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Armenian Police Chief Laments ‘Loss Of Public Trust’


Armenia - Vladimir Gasparian, chief of the Armenian police, talks to journalists, 12Jan2012.

Armenia - Vladimir Gasparian, chief of the Armenian police, talks to journalists, 12Jan2012.

Vladimir Gasparian, the chief of the Armenian police, on Thursday defended sweeping personnel changes initiated by him, saying that they are necessary for restoring popular trust in the law-enforcement agency.

In unusually blunt terms, Gasparian complained that the police have grown discredited in eyes of the public over the two decades of Armenia’s independence. “We, myself and my colleagues, have lost our self-esteem,” he told journalists.

“I have told my colleagues, my comrades with whom I have worked for years, ‘Guys, we have lost our moral authority, we have turned the police into an apparatus of tourists, real properties, moneylenders and village crooks.’ We have steadily lost that for the last 20 years. It’s time to sober up.”

A former deputy defense minister, Gasparian has sacked and replaced dozens of senior police officers since being appointed as police chief by President Serzh Sarkisian more than two months ago. He pledged to reform a police service that has long been accused of corruption and human rights abuses.

Speaking after a weekly cabinet meeting in Yerevan, Gasparian insisted that the purges are intended to improve the police performance by cutting “bloated staffs” and eliminating “redundant work” done by police officers.

“The police are now becoming more mobile and effective,” he said. “There are departing cadres who I think have exhausted themselves and they agree with me. There are even people who had the status of tourists and zero effectiveness. There have also been real properties [among officers.]”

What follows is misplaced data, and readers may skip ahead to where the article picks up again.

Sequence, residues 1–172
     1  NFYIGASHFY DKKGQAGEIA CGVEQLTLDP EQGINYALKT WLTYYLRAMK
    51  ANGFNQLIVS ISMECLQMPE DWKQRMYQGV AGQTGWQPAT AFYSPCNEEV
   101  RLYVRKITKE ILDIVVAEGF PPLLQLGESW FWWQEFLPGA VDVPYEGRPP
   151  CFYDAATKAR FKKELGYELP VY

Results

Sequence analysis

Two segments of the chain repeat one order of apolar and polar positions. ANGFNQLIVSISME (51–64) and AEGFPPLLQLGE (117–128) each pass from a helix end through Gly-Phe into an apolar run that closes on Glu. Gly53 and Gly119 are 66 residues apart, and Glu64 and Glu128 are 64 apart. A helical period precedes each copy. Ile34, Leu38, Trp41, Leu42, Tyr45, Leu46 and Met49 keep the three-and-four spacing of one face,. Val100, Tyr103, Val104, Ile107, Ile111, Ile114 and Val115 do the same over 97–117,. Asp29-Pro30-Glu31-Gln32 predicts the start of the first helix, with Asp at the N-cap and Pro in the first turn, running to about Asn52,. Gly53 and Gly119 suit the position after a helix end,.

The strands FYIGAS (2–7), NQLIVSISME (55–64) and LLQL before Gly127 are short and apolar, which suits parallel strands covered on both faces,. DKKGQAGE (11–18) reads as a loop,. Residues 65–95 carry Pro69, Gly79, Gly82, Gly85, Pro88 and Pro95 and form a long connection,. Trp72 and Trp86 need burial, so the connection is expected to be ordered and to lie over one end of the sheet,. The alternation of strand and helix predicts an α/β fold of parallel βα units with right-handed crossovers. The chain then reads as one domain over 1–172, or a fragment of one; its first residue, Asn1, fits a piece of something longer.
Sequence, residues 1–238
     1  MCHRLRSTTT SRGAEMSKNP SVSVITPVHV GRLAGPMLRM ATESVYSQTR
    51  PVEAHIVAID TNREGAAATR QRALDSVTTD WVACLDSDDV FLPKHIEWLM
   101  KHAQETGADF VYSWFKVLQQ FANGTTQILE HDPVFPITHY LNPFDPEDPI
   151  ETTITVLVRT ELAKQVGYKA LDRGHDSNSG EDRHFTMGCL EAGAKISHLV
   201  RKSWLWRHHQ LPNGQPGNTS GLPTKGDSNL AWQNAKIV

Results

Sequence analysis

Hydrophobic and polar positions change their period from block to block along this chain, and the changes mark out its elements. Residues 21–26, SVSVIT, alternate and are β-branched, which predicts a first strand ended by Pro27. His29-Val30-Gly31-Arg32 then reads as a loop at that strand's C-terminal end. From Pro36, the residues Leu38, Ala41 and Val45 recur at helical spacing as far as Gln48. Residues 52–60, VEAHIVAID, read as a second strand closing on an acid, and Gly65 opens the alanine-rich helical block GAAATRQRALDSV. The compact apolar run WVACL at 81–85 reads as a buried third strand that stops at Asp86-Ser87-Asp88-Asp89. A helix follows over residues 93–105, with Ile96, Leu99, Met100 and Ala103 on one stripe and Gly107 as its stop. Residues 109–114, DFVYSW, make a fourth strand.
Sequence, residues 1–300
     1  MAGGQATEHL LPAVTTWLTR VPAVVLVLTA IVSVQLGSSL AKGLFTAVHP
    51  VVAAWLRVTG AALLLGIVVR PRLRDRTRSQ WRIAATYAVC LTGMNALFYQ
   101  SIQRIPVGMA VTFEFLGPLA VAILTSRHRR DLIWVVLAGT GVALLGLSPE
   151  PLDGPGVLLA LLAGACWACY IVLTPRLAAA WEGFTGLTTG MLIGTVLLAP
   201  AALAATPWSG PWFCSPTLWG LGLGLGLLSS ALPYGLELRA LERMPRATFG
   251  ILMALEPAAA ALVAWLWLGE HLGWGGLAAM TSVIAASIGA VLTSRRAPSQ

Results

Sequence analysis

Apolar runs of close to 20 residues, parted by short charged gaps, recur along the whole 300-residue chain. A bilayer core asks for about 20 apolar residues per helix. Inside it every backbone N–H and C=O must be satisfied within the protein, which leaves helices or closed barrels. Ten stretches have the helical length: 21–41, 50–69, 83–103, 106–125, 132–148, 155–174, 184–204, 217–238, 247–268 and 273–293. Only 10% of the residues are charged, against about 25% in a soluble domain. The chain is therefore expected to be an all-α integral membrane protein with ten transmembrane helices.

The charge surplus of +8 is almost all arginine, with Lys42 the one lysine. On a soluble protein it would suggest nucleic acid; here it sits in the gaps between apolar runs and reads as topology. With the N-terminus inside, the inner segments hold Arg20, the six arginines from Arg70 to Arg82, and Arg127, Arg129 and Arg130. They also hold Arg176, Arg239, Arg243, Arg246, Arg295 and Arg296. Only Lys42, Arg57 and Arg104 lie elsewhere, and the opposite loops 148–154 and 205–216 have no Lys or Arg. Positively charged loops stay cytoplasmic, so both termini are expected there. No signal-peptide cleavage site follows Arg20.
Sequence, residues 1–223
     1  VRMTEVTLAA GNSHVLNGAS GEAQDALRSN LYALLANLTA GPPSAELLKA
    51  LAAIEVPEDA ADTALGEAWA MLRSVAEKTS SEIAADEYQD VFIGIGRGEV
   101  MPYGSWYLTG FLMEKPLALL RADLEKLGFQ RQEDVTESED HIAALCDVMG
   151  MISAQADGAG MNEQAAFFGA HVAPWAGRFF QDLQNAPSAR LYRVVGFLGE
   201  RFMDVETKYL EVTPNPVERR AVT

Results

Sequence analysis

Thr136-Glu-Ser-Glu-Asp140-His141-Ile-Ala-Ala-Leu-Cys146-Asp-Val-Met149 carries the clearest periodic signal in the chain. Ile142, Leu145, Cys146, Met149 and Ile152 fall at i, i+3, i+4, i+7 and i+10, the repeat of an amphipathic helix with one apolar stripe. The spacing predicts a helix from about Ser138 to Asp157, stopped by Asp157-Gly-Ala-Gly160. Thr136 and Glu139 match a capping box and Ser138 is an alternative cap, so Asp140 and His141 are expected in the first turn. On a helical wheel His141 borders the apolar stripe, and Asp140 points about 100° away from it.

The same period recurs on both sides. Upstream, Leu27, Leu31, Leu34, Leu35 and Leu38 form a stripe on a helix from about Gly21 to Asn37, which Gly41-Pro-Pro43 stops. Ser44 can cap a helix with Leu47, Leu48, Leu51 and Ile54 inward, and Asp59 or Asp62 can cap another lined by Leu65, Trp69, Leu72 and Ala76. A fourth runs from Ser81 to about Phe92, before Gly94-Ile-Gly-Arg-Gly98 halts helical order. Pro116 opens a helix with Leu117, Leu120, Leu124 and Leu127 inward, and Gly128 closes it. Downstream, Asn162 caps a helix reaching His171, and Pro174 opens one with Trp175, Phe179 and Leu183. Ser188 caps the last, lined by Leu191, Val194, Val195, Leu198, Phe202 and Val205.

Gasparian headed the Armenian military police for more than a decade before being appointed deputy defense minister in late 2010. A native of Soviet Estonia, he served in the police in the early and mid-1990s. He has been known to the public for his occasionally flamboyant behavior and statements.

Despite his reform pledges, the 53-year-old has so far said little about ill-treatment of criminal suspects and other police abuses that have long been the norm in Armenia. Nor has he commented on how to combat widespread corruption within the police ranks.

Many senior police officers are believed to be wealthy individuals with business interests. One of them, Colonel Margar Ohanian, the former head of the national traffic police, was arrested last September and is now standing trial on corruption charges.

Gasparian on Thursday dismissed his predecessor Alik Sargsian’s calls for Ohanian’s immediate release pending a verdict in the case. “I can’t make statements containing emotional wishes and don’t think I am the one who should express emotions just because I love or respect someone,” he said.

Sargsian told RFE/RL’s Armenian service (Azatutyun.am) on Tuesday that Ohanian should not be treated like an “ordinary criminal” because “he has served this country for 30 years.”
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